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U of M economists predict more job growth for Michigan

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Michigan is set to regain two-thirds of the jobs lost in the state since the Great Recession.

According to the annual economic forecast from the University of Michigan, there will be close to 126,000 new jobs in the state within the next two years.

Economists say that will bring the state's job levels back to where they were in 2003.

They're also predicting a drop in the state's unemployment rate, from 5% currently to 4.5% by the end of 2017.

"From the perspective of how the economy has been performing overall in growing out of the prior severe recession, things are looking pretty good. The environment has stabilized and progress has been fairly impressive," author George Fulton said, in a statement.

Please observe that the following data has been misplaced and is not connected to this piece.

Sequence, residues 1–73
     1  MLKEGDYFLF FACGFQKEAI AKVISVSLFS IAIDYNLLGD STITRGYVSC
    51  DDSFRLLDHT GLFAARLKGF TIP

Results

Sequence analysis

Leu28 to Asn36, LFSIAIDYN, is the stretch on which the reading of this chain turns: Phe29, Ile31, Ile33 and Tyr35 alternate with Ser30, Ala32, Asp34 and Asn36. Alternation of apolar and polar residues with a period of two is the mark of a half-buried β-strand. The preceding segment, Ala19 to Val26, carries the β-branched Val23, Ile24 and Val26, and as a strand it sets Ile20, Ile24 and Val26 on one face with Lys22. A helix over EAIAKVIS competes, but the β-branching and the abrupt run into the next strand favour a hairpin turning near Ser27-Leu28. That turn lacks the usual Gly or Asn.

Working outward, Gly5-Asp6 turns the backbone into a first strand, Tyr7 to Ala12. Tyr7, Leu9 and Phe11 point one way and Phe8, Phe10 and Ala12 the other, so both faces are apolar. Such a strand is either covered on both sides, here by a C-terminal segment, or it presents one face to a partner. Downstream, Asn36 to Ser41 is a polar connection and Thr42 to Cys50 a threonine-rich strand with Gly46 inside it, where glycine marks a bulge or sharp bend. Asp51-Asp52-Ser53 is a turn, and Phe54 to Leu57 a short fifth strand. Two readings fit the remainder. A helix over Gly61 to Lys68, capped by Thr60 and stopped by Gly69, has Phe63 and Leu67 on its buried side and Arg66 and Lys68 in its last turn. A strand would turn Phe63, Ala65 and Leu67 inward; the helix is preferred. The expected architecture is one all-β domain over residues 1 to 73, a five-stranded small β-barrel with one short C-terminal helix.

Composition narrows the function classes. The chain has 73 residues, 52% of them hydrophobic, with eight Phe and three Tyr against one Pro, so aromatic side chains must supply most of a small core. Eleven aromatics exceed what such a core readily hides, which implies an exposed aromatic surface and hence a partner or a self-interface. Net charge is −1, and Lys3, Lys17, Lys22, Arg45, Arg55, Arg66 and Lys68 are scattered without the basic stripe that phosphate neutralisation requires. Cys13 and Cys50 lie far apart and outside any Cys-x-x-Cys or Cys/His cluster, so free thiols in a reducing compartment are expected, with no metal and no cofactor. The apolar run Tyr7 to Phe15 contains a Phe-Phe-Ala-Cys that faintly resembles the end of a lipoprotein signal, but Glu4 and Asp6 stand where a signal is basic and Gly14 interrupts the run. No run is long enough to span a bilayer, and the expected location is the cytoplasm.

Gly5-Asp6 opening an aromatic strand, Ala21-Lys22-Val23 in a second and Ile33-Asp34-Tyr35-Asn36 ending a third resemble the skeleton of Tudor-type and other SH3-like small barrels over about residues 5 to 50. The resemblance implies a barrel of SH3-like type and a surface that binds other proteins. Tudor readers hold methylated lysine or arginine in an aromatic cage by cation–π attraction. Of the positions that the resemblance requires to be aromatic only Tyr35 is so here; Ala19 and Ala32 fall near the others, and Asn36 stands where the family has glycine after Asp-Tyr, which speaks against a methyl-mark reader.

Though job growth is good news, the report cautions that Michigan is still lagging behind in some key economic areas including per-capita income, the employment-to-population ratio, and educational attainment.

"What this tells us is that although we've made a fair amount of progress recently, we have a ways yet to go," said Fulton.

The report says around 32,000 of the forecasted jobs will be in the professional and business services sector, while only 10,000 will be manufacturing jobs.

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